Uber 'Digital rider'

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    Earlier this year, Uber rebranded themselves.
     
    'Have you ever looked at someone’s hairstyle and thought “oh my, you peaked in the 1990s?” Well, that’s a bit how we felt about Uber’s look. It’s not just that we were young and in a hurry when we replaced our red magnet logo with the black “U” badge four years ago. It’s that we have become a fundamentally different company.' - Travis Kalanick / CEO 
     
    With a new bold and playful identity, Uber wanted to bring two stories to life to delight and educate their audience. They also to create a consistent animation language that matched their design identity for consistency across all media.
     
    This is where we came in. 
     
     
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    'What is Ubers animation identity?'
     
    One of the concepts behind Ubers branding is the atom and the bit. They represent the idea of human travel made easy with effortless technology. To us, that meant an animation language rooted in the idea of getting from point A to B in a very fluid and playful way. This reflects the dots and squares seen in their brand film inspirationally. It also deliberately uses this A to B idea to transition from shot to shot graphically. It also means the characters move in a left to right type motion as seen in the illustrations from their brand identity.
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    The Bit and the Atom.
     
    With a vision and tone in mind, our first order of business applying the atom and bit concept to the logo motion wise. It needed to be simple and clear, but also playful to match our motion mantra.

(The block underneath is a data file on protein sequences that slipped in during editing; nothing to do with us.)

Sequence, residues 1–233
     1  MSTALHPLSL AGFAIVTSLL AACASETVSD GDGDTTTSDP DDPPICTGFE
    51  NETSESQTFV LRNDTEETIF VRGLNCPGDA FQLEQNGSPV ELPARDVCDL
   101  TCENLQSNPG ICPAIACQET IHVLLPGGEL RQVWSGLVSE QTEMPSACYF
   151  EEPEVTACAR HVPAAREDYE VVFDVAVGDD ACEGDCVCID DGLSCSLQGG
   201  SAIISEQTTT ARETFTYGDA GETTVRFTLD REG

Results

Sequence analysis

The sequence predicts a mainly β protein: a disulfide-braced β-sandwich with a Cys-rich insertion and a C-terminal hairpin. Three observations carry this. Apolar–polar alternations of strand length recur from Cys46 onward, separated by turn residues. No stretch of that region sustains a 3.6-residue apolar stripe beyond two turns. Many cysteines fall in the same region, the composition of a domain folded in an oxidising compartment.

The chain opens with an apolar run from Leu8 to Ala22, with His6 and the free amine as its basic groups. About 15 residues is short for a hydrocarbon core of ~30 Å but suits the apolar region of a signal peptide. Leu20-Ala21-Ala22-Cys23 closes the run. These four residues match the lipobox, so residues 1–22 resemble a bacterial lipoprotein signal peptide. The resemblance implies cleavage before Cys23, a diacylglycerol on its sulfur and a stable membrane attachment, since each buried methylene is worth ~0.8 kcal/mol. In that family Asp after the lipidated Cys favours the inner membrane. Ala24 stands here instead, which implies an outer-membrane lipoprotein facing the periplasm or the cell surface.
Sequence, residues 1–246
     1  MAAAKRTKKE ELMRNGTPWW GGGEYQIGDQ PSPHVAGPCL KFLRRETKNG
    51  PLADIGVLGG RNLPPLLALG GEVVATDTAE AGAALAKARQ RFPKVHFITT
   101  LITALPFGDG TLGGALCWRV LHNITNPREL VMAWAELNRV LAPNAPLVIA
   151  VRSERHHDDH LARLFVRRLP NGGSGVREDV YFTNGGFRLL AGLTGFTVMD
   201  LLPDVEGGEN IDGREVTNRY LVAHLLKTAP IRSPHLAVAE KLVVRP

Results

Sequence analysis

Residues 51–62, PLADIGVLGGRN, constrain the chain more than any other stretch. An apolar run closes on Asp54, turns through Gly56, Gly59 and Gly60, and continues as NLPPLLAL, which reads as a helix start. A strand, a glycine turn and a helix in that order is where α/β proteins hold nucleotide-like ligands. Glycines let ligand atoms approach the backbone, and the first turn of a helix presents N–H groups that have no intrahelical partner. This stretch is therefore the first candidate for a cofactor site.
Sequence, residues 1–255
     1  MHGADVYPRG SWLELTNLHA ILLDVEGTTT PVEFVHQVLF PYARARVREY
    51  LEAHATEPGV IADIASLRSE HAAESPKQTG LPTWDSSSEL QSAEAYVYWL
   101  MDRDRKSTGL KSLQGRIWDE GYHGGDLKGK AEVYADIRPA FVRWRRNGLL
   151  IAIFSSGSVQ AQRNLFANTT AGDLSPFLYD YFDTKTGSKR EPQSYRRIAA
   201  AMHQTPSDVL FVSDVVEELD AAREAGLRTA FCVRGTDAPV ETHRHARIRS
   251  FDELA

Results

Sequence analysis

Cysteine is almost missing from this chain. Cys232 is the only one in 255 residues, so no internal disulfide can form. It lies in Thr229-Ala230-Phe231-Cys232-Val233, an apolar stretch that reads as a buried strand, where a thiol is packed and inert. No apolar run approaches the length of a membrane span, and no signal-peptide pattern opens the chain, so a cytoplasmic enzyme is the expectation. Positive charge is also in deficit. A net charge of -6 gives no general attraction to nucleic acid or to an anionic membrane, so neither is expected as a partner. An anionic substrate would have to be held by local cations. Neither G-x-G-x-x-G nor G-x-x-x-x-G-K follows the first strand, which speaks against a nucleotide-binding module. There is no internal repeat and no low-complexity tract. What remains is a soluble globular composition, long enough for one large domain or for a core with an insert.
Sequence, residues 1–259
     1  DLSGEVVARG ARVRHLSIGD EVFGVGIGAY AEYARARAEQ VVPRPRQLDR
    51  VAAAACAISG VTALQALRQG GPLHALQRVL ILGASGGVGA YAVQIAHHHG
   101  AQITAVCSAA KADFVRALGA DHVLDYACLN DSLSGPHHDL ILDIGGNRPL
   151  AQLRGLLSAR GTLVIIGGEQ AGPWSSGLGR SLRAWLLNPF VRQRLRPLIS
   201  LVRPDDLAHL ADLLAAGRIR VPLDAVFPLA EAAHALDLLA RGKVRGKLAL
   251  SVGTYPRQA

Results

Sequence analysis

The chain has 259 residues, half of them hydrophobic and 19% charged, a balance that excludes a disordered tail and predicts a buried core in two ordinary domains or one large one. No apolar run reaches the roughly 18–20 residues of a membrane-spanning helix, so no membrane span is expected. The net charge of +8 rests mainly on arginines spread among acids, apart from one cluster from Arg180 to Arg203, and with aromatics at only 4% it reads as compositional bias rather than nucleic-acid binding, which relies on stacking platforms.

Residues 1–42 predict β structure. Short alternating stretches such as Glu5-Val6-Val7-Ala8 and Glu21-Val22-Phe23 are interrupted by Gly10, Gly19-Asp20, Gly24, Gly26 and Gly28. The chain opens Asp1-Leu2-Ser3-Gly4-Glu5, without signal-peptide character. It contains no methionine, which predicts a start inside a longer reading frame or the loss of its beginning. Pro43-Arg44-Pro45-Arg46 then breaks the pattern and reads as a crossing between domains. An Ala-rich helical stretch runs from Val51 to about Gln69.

After that, it was finally time to illustrate then two stories the Uber team developed called 'Late' and 'Snooze'. The goal was to establish tension by visualizing a race against time. The story wanted to build up to an intense crossroad where you think the hero character will run late, but Uber saves the day. The client was smart, Uber isn't a novelty, but something everyone can use to solve problems, sleep in more, and make life a lot easier.
     
     
  • Design & the target audience.
     
    Our very first illustration pass echo'd the first look we found in Ubers style guide. A few problems jumped out. Most users would watch these animations on mobile devices. if you scroll, all you'll notice is a really white sky and a very black car. You see neither people nor the setting which are the core of the story. Additionally, Uber distinctly wanted to get away from the black car messaging at the root of the re-brands entire core. Luckily, their new branding was very rich in color illustration options that gave us flexibility to get around that.
     
     
  • 'Late' Concept art + Storyboards
  • 'Snooze' Concept art + Storyboards
  • The pivot.
     
    This is where the project went from good to great. Near completion, the animations just weren't 100% there. The Uber creatives were the first to notice to their credit, and with fresh eyes pointed out that both endings lacked an entertaining payoff and call to action. On 'Snooze' in particular, to sleep in was less exciting than getting out of bed ready for the day. We went back to the drawing board, redesigning what that might look like for a more entertaining ending. Tighty whiteys saved the day. 
     
     
  • Conclusion. 
     
    What did we learn? Be brand consistent so users know who's telling the story. Entertain them so they don't get bored at all costs. Graphic approaches really stand out  on mobile. A great script can be improved in animation narratively, but you make it first to know. Finally, clients knowing nothing is a myth, the Uber team really understood how and where to push the creative to improve the story and it did. Really well.
     
    And finally, when it doubt, add a cat.